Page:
The Politics of Pretty I: Feminity as performance – Susan Obehioye

Editorial: In the next few issues the platform will be featuring powerful feminists who will be discussing the politics of pretty from personal and economic angles. The politicisation and commercialisation of beauty has been the bane of women worldwide. We will be examining the topic through prose, poetry and photography. Our first guest is Susan Obehioye.
women are constantly judged based on how they look, statistics have shown an increase in plastic surgeries, and this is happening because we do not feel secure in our bodies. we have been fed negative information of ourselves and our bodies which is having an effect on the younger generation and this needs to stop. the body of a woman is beautiful, and changes should be embraced.

i got into makeup and photography as a way to express myself. as someone who has battled with anxiety and depression, of which most is from self loathing, i wanted to do something about how i felt on the inside. i wanted to not only photograph myself but other people as i found the features of black people beautiful.

i personally feel all shades of black is beautiful, however darker skinned women represent not only history but the future. the beauty of a dark skinned woman is everything. her features, her expression and her passion can be captured in photographs. putting more dark skinned women out there is inspiring and it makes us visible.

as a young girl i hardly saw dark skinned women in magazines, it made me conclude that i was ugly and unwanted. i used to look in the mirror and ask myself why i was so dark.. this was my life for over 30 years. i had to go through a healing process to accept myself. i think back in regret because of the time wasted.

colourism is a terrible thing and remains a problem in the black community. the blame lies with slavery and colonialism where people of lighter skin tones were more accepted that their darker skinned peers.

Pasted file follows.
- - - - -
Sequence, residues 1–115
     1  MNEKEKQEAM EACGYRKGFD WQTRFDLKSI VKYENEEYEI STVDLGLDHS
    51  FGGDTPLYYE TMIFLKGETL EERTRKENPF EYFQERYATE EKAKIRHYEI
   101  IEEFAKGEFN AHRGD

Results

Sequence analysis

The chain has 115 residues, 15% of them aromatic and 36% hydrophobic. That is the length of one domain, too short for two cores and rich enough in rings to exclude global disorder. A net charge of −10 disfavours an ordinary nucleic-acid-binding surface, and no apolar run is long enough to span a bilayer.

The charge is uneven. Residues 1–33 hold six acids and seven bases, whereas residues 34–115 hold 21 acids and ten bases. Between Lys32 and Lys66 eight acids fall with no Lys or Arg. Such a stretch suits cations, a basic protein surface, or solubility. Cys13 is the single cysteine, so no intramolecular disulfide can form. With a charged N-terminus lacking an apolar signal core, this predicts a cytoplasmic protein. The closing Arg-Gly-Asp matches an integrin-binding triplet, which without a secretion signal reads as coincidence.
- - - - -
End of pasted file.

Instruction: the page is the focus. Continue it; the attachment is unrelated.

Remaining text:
as much as i would hope for an end to it, it is present and the only way to put an end would be for us to appreciate ourselves and the beautiful shades of black we are blessed with.

as someone who is dark skinned, i have had my share of being treated differently. when i was a teenager, i was passed over by boys for my lighter skinned friends and as much as that hurt, i learnt to accept myself.

the media has also not been fair to people of darker skin tones, we are hardly visible and when we are it is stereotyped and negative.

fat shaming is also one of the issues that i am concerned about because the society has completely forgotten how important it is on the inside, instead have focused on the outside.

i have struggled with my weight for many years and though i have lost some weight, i am still aware of the fact that i will always be judged based on how i look. this is because of the unrealistic expectations placed on women by society.

people are told that fat people are lazy and are prone to illnesses of all sorts, many are described as the “walking dead” because of their size. it truly is very disturbing because the size of a person should not be a thing of judgement. people come in different shapes and sizes and whilst some factors might be determinants for illnesses, it is not completely the cause. slim people do have the same illnesses fat people have, life is what it is and we are here to live and die. whatever we decide to do with the time between those periods matter and i personally do not think judging people based on how they look is a best way to spend your time.

i have worn the shoes of “obesity” as they call it and the pain caused didn’t come from my size, it came from people who appointed themselves as medical experts. i feel people should love their bodies regardless of what size it is. living up to man made standards is not a life. i also agree that people should be healthy.

the standards of beauty these days are unrealistic. curvier women are not represented in the media, they are shamed into hiding because some people are uncomfortable.

as much as i love social media, it has played a very negative part when it comes to self appreciation. we are bombarded with pictures of people with so called “perfect bodies”. descriptions such as “body goals” and the praise given to certain features has caused alot of insecurity.

i must add that all is not lost, i am pleased to see so many campaigns out there promoting body positivity. this gives me hope that women would learn to love and accept themselves.

Susan Obehioye is an Environmental Health Officer and professional makeup artist, photographer and retoucher based in London. She has had experience working with clients of different ethnicities. She is an advocate for body positivity, Human rights, particularly LGBTQ issues. In the future her aim to make an impact in the beauty industry by promoting dark skin models and also lend her voice and support to the LGBTQ community in Nigeria.

2 Comments

  1. Mercy Nahnyoung Kusi says:

    Wow!!! I find this very thought provoking. Mind you fair-skinned women do suffer from these stereotypes too.Thanks again

    Like

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